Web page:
Jun 30, 2022 | House Institute Foundation, Research

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The House Children’s Hearing Center is dedicated to providing case management, care navigation, and assistance for children and families to help them navigate and succeed.


Years ago, growing up deaf or hard of hearing often meant isolation. If you didn’t go to school with other Deaf youths or grow up in a family where the condition was hereditary, the likelihood of meeting other children like you was rare. TikTok is changing that.


Deaf creators on the platform are building an inclusive community for others like them. “I found the deaf community YES,” comments one TikTok user on a post by @jackandbec, “May I STAY HERE PLEASE.”


Jackie is a digital creator who co-runs the account @jackandbec with her sister Rebecca. “We [use TikTok] to focus on our marginalized groups. Becca is plus-sized and fat positive, and I am deaf. We love to incorporate that into all aspects of our art. Then we use TikTok to showcase and promote our small business, Jack and Bec, where we sell our art.”


This venture into digital content creation that started in March 2020 as a fun way for Jackie to learn choreography during her extended pandemic-induced spring vacation from her job in deaf education has now turned into a career. Jackie and her sister have always been artists. In their hometown of San Antonio, they would set up booths in the art district to sell stickers, t-shirts, and prints. Her desire for a career change and the digital climate at the start of the pandemic inspired Jackie and her sister to expand their business on TikTok.


Two years later, @jackandbec now has over 275,000 followers and 7 million likes. “The support has been amazing,” says Jackie, “I never in a million years would have thought people would be messaging me and saying, ‘thank you so much for posting this’ or ‘I’ve never seen a deaf person that looks like me.’”


Though there has been much patronage for her deaf and hard-of-hearing focused art and videos, the internet isn’t always a compassionate place. She has experienced criticism of her American Sign Language (ASL) and skepticism about her deafness.


Luckily, this type of backlash has died down with the rise of her account. Now, Jackie and Becca have had many memorable experiences, including two duets from Grammy Award-winning artist Lizzo. “The most rewarding part [of being a deaf influencer] is being the deaf role model I didn’t have growing up for so many people.”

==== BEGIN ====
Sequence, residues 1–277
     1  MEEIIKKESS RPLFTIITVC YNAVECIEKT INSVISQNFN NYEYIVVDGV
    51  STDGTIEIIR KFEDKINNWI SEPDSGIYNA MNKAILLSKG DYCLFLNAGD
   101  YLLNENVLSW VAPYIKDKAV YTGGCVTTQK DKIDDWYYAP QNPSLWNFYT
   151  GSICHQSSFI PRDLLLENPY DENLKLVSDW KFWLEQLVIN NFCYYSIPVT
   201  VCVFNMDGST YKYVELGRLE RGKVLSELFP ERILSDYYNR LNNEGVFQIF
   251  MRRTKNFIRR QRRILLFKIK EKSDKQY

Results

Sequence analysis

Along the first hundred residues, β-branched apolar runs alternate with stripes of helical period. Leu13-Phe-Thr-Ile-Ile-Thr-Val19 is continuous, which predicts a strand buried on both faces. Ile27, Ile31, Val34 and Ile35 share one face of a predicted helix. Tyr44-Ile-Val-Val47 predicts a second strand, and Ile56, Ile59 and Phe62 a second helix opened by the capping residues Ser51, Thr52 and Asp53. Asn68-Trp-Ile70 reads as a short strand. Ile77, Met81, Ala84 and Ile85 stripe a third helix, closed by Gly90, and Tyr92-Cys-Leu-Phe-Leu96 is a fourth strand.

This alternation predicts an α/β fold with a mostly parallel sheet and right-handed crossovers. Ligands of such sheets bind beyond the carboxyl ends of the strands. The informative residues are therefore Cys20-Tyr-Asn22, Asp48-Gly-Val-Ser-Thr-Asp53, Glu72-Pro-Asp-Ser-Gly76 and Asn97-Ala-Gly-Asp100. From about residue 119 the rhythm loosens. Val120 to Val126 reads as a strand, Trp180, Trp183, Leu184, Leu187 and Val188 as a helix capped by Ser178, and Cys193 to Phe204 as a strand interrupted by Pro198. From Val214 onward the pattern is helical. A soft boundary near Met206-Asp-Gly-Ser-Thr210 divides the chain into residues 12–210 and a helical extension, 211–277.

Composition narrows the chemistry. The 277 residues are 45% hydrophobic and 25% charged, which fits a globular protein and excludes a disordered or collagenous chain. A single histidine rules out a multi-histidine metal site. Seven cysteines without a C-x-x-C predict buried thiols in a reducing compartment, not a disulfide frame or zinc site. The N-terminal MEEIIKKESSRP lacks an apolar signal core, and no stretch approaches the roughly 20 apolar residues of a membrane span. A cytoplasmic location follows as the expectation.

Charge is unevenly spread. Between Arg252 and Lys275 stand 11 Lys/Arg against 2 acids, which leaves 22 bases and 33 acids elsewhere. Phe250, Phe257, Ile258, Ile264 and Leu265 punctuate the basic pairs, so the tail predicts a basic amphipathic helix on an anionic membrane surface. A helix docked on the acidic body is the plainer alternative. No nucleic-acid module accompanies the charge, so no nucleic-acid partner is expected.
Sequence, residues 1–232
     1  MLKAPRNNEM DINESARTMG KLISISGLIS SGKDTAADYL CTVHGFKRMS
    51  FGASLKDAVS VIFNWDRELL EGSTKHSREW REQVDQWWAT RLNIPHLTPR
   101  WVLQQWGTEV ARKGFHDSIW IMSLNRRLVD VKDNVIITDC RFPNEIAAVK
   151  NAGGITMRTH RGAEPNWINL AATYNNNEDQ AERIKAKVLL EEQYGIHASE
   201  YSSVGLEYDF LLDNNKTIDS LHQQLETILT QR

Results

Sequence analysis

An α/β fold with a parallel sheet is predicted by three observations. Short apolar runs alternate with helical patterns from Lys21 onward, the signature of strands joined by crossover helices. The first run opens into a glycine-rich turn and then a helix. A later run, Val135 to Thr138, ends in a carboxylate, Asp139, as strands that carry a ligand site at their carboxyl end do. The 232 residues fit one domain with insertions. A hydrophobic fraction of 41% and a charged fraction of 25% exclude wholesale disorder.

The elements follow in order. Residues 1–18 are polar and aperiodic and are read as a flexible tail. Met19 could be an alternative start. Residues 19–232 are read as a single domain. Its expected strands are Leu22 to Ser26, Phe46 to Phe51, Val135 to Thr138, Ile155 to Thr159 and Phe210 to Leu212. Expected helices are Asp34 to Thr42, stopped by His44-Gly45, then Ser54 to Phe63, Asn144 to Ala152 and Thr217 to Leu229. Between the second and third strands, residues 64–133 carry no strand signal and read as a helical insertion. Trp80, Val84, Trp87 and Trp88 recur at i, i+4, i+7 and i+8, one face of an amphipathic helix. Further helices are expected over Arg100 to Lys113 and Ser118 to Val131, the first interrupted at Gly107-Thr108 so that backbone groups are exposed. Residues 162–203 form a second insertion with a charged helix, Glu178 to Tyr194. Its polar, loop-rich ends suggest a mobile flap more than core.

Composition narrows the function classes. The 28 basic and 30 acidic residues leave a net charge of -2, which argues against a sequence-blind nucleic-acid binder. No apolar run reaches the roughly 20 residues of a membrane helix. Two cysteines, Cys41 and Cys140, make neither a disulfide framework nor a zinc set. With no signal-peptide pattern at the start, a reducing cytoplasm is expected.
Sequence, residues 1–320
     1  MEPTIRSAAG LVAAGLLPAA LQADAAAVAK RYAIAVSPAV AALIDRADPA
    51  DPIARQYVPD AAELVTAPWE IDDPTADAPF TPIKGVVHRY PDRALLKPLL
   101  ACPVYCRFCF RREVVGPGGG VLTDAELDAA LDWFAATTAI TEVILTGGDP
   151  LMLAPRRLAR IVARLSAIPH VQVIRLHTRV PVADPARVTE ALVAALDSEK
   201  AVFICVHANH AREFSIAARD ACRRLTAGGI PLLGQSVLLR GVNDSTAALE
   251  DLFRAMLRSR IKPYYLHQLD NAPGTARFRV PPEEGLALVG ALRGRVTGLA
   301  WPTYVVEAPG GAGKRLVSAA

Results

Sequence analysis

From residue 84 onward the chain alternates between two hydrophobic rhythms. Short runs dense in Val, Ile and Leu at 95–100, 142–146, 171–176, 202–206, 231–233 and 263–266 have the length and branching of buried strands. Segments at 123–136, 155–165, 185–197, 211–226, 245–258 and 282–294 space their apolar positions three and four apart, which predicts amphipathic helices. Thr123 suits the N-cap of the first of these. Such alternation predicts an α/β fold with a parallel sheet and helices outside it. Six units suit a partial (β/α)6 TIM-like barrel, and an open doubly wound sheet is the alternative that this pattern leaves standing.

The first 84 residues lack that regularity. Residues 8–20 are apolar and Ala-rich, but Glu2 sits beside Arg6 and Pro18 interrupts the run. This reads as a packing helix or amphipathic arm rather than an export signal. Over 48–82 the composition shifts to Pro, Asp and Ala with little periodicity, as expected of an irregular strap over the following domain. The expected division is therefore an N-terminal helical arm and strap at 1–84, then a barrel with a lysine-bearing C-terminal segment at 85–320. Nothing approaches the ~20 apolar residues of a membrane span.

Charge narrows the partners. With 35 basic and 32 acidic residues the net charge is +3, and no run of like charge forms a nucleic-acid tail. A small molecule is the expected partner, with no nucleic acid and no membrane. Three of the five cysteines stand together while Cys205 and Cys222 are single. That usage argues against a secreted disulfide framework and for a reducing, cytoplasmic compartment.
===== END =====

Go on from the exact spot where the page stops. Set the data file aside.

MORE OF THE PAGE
Jackie grew up at a time when there wasn’t much information about children like her. The first time she met another deaf individual, she was 14 years old. Thankfully, she had her mom. Single mother Deedee was her primary advocate through years of diagnoses and testing. It wasn’t until she was in the third grade that a doctor finally told her she wouldn’t be able to hear and communicate without an assistive device.


When she got her first pair of hearing aids, Jackie realized how different she was. Her peers would ask her why she had gum in her ears, scream in her face to test her, bully her, or even physically abuse her just because she was not like them. “No one told me why that was happening, and no one explained to them how I was different.”


Even the adults in her life were seemingly unaware of accommodations that could support her. When she got into the field of deaf education as an adult, she learned there were programs specifically for deaf and hard-of-hearing children. Still, like many other kids, she flew under the radar.


At 16, things started to get harder for Jackie. “I [didn’t] feel mentally able to continue in public school, pretending to be something I’m not because nobody knew I was deaf.” After falling behind in classes, she sought her school’s help. They were uneducated on the difficulties of assistive technology, thinking that hearing aids were enough to make her successful.


That same year, Jackie decided to drop out of high school, a decision not uncommon for young Hispanic women and even less so for those who were deaf. “I was a statistic,” reminisced Jackie. But that did not stop her. In fact, it started her on a path to finding her community. The internet was a place for her to escape. Amidst the blogs of Tumblr, a social networking site, Jackie was able to find like-minded deaf and hard-of-hearing young adults.


A few years later, armed with a GED, Jackie went to college. The first courses she enrolled in were Intro to Deaf Communities and ASL (American Sign Language). “Up until I was 16, I felt like I was defective, a burden, not a full member of society. Taking those classes helped me realize that was not the case at all. I was just different.”


For deaf or hard-of-hearing children growing up today, Jackie wants them to know that there are so many people in the world just like them. “It doesn’t matter if you’re this much deaf or that much deaf or if you don’t sign or use a cochlear implant. No matter your circumstances, you have a community, you have a claim to something, and you should feel proud of it. You are different, but different is good. These days, normal is boring, and at least we’ll never be that.”

Our commitment is to ensure that every child who comes through our doors doesn’t have to experience the isolation and unnecessary challenges faced by Jackie.


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